Tamerlan Tsarnaev Isn’t the First Killer to Be Refused a Grave

Unmarked graves. Sulfuric acid. Wild animals. Suburbs. How cities get rid of the bodies they can’t stand.

A protestor stands outside the Graham Putnam & Mahoney Funeral Parlor in Worcester, where Tamerlan Tsarnaev's body is being held.Nicolaus Czarnecki/Zuma


On Monday, Cambridge City Manager Robert Healy announced he would not grant a permit for the burial of Boston Marathon bomber Tamerlan Tsarnaev, citing his authority as “chief conservator of the peace within the city.” Instead, Healy argued, federal authorities should arrange the disposal of the body—preferably somewhere far away.

The response was mixed. The protesters who have gathered outside the funeral home where the body is being kept were no doubt encouraged. Gov. Deval Patrick called the burial a “family issue.” The family, for its part, had not even formally sought a burial permit in Cambridge. Tamerlan’s mother wants his body returned to Russia; his uncle, Ruslan Tsarni, wants the body to remain in the Boston area where he spent the last decade of his life.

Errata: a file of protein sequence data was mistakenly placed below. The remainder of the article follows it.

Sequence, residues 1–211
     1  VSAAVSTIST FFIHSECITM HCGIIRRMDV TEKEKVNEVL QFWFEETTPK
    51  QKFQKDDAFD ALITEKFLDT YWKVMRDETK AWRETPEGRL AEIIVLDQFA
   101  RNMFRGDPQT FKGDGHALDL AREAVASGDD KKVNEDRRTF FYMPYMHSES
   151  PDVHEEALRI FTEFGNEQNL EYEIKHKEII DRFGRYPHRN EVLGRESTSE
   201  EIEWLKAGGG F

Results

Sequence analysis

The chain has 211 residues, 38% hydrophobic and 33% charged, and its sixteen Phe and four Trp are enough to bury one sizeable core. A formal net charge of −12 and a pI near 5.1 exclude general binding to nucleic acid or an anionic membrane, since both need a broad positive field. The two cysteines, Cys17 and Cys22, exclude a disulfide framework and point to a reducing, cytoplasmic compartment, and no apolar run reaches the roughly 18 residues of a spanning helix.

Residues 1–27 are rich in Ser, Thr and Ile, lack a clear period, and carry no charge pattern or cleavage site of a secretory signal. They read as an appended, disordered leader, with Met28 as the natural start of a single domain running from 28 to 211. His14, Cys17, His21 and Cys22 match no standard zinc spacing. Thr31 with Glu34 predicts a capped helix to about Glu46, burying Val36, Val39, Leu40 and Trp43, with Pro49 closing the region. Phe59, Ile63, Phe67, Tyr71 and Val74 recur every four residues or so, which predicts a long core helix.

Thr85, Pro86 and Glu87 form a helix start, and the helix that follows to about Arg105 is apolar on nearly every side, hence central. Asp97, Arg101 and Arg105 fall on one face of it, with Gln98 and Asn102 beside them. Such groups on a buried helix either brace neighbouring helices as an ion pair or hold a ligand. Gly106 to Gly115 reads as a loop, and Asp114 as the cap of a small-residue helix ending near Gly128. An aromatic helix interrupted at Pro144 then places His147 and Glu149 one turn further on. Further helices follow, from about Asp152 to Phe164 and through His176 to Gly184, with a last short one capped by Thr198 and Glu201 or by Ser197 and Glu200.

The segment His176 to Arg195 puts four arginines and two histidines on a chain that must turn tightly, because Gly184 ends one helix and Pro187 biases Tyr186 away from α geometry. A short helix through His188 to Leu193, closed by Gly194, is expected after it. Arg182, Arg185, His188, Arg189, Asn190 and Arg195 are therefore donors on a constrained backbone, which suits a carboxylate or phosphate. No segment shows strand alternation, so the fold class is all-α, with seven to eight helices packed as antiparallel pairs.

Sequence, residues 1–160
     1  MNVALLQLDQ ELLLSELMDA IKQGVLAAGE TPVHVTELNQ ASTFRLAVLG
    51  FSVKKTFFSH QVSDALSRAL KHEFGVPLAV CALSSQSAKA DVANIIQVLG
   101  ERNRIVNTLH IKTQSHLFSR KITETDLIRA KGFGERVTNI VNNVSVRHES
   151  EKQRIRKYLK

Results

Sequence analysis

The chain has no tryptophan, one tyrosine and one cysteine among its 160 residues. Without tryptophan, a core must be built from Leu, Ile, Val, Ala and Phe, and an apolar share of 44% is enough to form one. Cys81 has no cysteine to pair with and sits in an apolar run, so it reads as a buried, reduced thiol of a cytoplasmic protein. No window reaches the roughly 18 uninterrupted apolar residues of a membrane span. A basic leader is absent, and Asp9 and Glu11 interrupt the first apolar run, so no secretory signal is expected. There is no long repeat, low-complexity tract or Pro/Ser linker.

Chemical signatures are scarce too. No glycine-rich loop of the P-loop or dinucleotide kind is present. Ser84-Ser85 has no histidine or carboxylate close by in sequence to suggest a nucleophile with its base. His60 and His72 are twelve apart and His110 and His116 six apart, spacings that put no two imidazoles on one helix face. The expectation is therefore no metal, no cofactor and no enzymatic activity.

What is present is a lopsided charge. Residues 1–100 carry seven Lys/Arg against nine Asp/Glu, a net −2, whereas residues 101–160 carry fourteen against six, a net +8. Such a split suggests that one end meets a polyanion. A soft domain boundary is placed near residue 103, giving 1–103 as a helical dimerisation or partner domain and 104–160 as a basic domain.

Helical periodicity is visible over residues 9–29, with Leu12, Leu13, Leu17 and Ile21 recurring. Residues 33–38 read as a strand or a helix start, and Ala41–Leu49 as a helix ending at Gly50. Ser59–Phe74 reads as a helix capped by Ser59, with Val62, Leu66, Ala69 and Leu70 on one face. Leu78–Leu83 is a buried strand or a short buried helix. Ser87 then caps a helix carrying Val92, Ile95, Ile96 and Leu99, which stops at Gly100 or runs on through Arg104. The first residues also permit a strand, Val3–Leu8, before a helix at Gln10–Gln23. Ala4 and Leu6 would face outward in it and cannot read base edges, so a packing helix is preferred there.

Cambridge’s fight over the resting place of the older Tsarnaev brother is complicated by the fact that the remains of a Muslim cannot be cremated. “This is very unusual circumstances that make it really complicated and hard to think of another historical parallel,” said Gary Laderman, a professor at Emory University.

For the most part, says James Fox, a criminologist at Northeastern University, families of mass murderers have kept a low profile, opting to dispose of their relatives’ remains quietly, and often anonymously. Columbine shooter Dylan Klebold’s funeral was open to the press, but he was ultimately cremated. (The resting place of the other gunman, classmate Eric Harris, is unknown.) Virginia Tech gunman Sueng-Hui Cho is reportedly buried at an undisclosed location in Fairfax, Virginia.

“There have been mass murderers who have been buried in regular cemeteries,” Fox says. “Their names are on a tombstone. Their funerals are private, but they are buried.” But terrorism-related cases have often been viewed differently than other kinds of capital crimes. “This is not just about their crime. It’s their nationality and their ideology.”